When my son turned five months old and weaning off rumbled in my sights like a potato-laden eighteen-wheeler, I was both terrified and fired up. On the one hand, I was going crazy not knowing how and what to start feeding him, but on the other, the baby had to start eating AT SOME POINT.
What, Krassimira, you expect to wait for your son after his language school entrance exams, asking him “So, how did your essay go?”, listening to his inarticulate grunting, then telling him: “Good boy, here’s an 8-ouncer, don’t bite the nipple.”
On the other hand, ambition beckoned. Hello, steamed zucchini, smelly broccoli and you, disgusting, bland potato! You’re here to turn this baby into a human that will someday achieve greatness, and write great school essays in particular.
Of course, this could only happen on one crucial condition: I had to find and buy not just any zucchini/broccoli/potato, but the most impossibly organic one, pristine as an angel’s tear, having grown in the rich, loamy soil, clean of any synthetic fertilizers, sprinkled with holy water and carefully picked by honest, hardworking hands that have never touched those paraben-laden supermarket hand-creams. In other words, I had to find the pure pinnacle of all zucchini, guaranteeing that this child:
- will get a fair start alongside the other children in this world of goji berry, macadamia, organic potatoes and molecular baby cuisine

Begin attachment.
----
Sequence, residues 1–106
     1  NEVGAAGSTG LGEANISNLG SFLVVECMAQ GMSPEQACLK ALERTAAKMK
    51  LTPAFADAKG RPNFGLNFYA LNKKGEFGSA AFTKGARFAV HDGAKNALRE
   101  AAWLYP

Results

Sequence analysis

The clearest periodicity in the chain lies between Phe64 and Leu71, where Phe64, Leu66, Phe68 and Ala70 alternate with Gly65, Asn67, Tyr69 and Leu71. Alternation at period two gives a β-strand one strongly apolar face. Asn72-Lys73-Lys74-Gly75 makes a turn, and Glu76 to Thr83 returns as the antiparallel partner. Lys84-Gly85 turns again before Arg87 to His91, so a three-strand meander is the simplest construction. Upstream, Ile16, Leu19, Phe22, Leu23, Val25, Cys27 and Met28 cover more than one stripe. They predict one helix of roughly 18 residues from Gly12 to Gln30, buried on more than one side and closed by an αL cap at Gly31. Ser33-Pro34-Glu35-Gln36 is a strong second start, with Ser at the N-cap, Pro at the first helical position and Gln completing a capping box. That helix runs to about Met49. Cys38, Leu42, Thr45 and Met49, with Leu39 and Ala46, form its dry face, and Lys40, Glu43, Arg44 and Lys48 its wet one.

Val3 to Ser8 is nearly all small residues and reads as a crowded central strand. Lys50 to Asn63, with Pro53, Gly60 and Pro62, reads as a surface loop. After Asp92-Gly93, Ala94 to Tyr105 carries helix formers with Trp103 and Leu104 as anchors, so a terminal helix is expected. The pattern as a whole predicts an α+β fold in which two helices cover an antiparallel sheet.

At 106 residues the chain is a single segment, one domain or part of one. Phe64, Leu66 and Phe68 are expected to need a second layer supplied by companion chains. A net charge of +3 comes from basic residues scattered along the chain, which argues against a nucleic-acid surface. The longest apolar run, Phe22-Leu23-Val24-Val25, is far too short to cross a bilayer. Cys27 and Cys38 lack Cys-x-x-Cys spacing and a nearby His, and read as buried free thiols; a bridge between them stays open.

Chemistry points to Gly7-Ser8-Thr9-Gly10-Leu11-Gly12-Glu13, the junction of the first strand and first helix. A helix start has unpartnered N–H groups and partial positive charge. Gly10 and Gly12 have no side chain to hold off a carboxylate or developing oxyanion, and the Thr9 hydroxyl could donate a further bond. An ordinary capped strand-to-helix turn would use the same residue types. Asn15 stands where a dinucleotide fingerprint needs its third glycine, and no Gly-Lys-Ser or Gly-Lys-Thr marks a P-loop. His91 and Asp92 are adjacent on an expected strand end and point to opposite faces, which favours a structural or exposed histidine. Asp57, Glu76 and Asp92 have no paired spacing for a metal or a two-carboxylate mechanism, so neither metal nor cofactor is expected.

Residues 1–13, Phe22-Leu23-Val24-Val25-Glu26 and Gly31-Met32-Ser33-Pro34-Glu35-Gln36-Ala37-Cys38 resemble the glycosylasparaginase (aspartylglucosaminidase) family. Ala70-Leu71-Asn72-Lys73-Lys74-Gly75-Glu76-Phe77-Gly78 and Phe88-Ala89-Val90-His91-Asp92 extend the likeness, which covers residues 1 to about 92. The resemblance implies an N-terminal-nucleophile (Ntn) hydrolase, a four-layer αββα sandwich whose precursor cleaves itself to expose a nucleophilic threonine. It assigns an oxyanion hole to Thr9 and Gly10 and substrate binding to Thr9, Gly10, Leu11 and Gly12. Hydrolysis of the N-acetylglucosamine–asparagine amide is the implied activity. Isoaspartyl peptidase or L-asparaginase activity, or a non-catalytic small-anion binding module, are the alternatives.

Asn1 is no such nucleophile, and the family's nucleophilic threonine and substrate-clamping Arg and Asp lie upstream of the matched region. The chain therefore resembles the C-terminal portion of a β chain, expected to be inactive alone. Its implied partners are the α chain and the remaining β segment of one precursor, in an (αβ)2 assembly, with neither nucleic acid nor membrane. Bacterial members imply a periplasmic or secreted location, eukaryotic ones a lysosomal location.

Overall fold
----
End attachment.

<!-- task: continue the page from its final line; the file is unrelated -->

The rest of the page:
- as he starts school, having to answer the teacher’s question: “And you, Boris, have you been fed organic zucchini or regular ones?”, he would not feel ashamed in front of the other children, but instead tell her, coolly and with slight bemusement, in English, French and Mandarin: “But, Ms., what are you saying? Organic, of course!”, then sit next to his desk-mate, herself nourished on organic cucumbers, and strike up a conversation with her about Space and shuttles.
And so, at the peak of July’s most horrible heat, 90 degrees and it wasn’t even 10 A.M., I took my first steps along the Women’s Market in Sofia, armed with a grocery bag, a great deal of money and a great deal of hope that somewhere out there a zucchini waited, the fruit of sustainable organic farming, a zucchini to give my life meaning, to bring my child a lifetime of happiness, good fortune and straight A’s in math.
I scanned the horizon, a sea of stalls, groaning under the weight of produce.
Were there tomatoes? It was chock-full of them. How about watermelons, apricots or honeydew melons? You wouldn’t believe that there were so many honeydew melons sprouting from our good earth. And the zucchini? Oh, of course there were piles of them, but even with the naked eye I could see they were neither bio-, nor organic, nor even eco-. All of them glistening, a little too green and suspiciously plump, proclaiming from the first they’d been watered with gallons of heavy metals, slathered with paraffin, antifreeze and sodium glutamate.
Just in case, I wandered over to the nearest pile and, not touching them, I asked the seller: “Where are the zucchini from?” adding conspiratorially: “I’m looking for some, for a baby,” expecting it to work as an “Open Sesame” that would make him exclaim: “HA, well good to know, because I have some right here, just for babies!” pulling out a secret stash from behind the stall, and in it the zucchini diamond I was looking for.
Instead, the man gave me a contemptuous look, nervously stuttering “FRAMDAHOLESALERS”, then turning to the next in line, who wanted four pounds of nectarines. I humphed unhappily and sailed off to the next stall, where of course the same scene played out, and on, and on; an hour later I was at the other end of the market, sweating, restless and despairing, and most of all, without a single stupid organic zucchini in my bag.